• That's a great story! You found a fun way to learn English. Regardless of whether you're a kid or an adult, that's one of the keys to learning a skill: making it fun. Thanks for sharing this.

  • Sonia

    Very stimulating.  Will help people to not give up when they want to achieve their goals in life.  Congratulations!

  • Cait Maloney

    I really liked this part: "Bullshit! The problem is not "out there." It's within us. All of us have the power to transform our situation starting RIGHT NOW."

    I'm so tired of hearing excuses. I read a quote recently that said, "a man who wants something will find a way... a man who doesn't will find an excuse".

    Thanks for this!

  • Al Heisig

    You are showing what the American Dream is really all about.  The opportunity to succeed and the willingness to do things yourself to make it happen - - and not let adversity stand in the way.

    Great article.

  • Thank you all for such wonderful comments! I'm so honored that this story touched so many of you. Truly appreciate your kind words. 😉

  • Awesome and inspiring!

  • germanrosas

    Great post!

  • You just blew me away with your post.  Talk about inspiring!  

  • Very good message and a reminder to all of us that we do have what it takes to get what we want - when we focus on what it is we really want. Thanks.

  • Beth Gersh-Nesic

    Timely and inspiring.  Thank you, Ed!

  • Dry facts don't change lives. Powerful stories do. Thank you for sharing, Ed!

  • Anne

    Powerful message and VERY inspiring Ed! Thanks for sharing.

  • James Head

    Thanks, Ed!  A truly inspiring story, and one that emphasizes the importance of taking action.  You are successful because you're a man of action.  And you have learned to use your many mistakes and failures as motivation to improve and expand.  Can't thank you enough for sharing that story.

    • Thanks, James! I'm still learning -- never ends. But I guess I now see my mistakes and failures as feedback more than anything else.

  • Ed, so glad you posted this. What a great story - I'll have to share it with my kids!  And thank you for putting a voice out there in contrast to all the blame and entitlement focus around us today. When we didn't have much money several years back, we sat around the table and noted what we're thankful for - simple things like health, good food on the table, safety, family being together, and the opportunities and freedom in this country. As Holocaust survivor, Viktor Frankl points out: “Between stimulus and response, there is a space.In that space lies our freedom and power to choose our response.In our response lies our growth and freedom.“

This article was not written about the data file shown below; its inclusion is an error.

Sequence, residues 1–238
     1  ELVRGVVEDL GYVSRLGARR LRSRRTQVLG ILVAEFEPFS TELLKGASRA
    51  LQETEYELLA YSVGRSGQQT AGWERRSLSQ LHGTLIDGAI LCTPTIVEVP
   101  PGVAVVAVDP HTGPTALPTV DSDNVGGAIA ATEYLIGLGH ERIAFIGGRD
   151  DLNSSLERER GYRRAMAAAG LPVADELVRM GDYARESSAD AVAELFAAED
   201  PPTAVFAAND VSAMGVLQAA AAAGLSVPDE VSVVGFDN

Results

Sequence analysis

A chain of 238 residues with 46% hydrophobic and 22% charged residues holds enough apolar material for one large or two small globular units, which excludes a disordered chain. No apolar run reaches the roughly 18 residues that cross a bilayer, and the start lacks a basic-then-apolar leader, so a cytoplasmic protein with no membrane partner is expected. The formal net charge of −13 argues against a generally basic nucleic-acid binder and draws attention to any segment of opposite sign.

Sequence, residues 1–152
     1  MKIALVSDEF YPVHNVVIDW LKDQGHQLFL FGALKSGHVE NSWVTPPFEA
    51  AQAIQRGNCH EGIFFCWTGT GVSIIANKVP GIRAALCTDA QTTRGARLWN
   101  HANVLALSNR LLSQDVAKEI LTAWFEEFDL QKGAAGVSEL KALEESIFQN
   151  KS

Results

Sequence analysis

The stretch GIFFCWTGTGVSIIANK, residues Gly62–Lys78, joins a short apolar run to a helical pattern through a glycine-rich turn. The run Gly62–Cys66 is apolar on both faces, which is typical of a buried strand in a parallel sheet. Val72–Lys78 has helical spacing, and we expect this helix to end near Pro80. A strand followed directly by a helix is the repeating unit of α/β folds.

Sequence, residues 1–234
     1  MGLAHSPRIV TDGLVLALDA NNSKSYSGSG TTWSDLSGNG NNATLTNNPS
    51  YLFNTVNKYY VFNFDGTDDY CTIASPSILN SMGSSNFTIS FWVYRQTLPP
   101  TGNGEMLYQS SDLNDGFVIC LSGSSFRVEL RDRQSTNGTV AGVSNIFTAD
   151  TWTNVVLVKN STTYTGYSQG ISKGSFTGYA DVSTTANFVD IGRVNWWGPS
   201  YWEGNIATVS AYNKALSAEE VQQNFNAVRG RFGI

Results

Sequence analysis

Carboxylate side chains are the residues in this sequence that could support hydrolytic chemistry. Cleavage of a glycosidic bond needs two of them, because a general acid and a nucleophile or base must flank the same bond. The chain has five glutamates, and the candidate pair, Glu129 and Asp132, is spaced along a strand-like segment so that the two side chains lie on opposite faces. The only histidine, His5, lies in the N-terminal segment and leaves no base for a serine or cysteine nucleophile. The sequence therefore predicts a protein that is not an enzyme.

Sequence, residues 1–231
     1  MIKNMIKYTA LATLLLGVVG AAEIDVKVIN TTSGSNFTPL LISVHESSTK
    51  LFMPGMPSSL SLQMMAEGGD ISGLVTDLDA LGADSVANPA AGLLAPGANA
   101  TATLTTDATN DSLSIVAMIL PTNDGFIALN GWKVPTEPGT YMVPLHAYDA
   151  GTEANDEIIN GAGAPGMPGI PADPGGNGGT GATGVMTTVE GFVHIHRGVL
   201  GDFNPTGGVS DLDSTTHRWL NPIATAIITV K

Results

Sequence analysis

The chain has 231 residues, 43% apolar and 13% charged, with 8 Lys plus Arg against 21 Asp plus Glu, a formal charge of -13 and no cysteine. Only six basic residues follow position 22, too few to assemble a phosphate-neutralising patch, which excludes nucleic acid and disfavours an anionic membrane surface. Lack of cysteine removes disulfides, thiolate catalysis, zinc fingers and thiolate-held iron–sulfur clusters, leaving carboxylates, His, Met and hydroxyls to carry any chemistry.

• Wow, Sarah -- thanks so much! Glad to hear you enjoyed reading it. And you're right on the money re: focusing on gratitude. That Viktor Frankl quote gives me goosebumps! Hadn't seen it in years. Thanks for sharing.

  • Aditipw

    Wonderful Inspiration and reminder of who we really are ... Thank you

  • I have a lump in my throat reading this - your words are often small calls to action, but this post is inspiring. Thank you for taking a stand today and sharing Marianne Williamson too (not everyone's cup of tea but I love the provocation and insistence on connection/connectedness in her work). As writers, we probably don't share enough of the writing that inspires us. 

    • Thanks so much, Alex! Glad the message moved you. I appreciate your letting me know.

  • Donna Kuck

    Thanks, Ed. I needed your inspiration today. And - thank you for Marianne Williamson's poem. 

  • Awesome story. For me one of the powerful points in the story was how much the Hardy Boys series helped in your learning English.  We often do not know how our writing will impact others, do we?  Well done.

    • So true! Looking back at this years later, I realized how important reading is to improving your verbal and written communication. Thanks, Brad!

  • K Ravinder

    Its called sharing thoughts of experienced. Standing on and setting up a goal to overcome recognised weak areas in the field gives success. Its nice to read your article

  • I'm so ready to dive into the deep end and swim.  

    • Awesome -- glad to hear it! Thanks for your comment!

  • Barb Johnson

    I second the "wow".  This is great and just what I needed at this particular moment. Lots going on in my life but I will take a stand today for my business and my ambitions. Thank you so much Ed.

    • You go, Barb!! Love it when the timing is just right! 😉

  • Glad I found your story! I'm from PR as well and although I made my move after college (it was cheaper=no loans there) it was definitely an adjustment. Completely agree with you that is all about strategy and how we position ourselves. I'm reworking my strategy right now and can see how it will benefit my business. 

  • Vero0822

    That is so sweeeeeeeet. I love it. Well the same big decision happened to me yesterday and now I read yours.

    • Wow, I love serendipitous events! So cool!

  • Stef Gonzaga

    Oh wow. Ed, you really surprised me with this one! I'm truly happy that you've become who you are now by taking a stand, and I hope many other people (freelancers and non-freelancers alike) will follow the same example. Like you said, the only time you can create transformation for yourself is when you take a stand and finally do something about the issues and problems that are hindering you from reaching your full potential. 

    Thank you for this. More power to International Freelancers Academy! 

    • Great to hear from you, Stef! Thanks so much for your comments. Glad it resonated with you.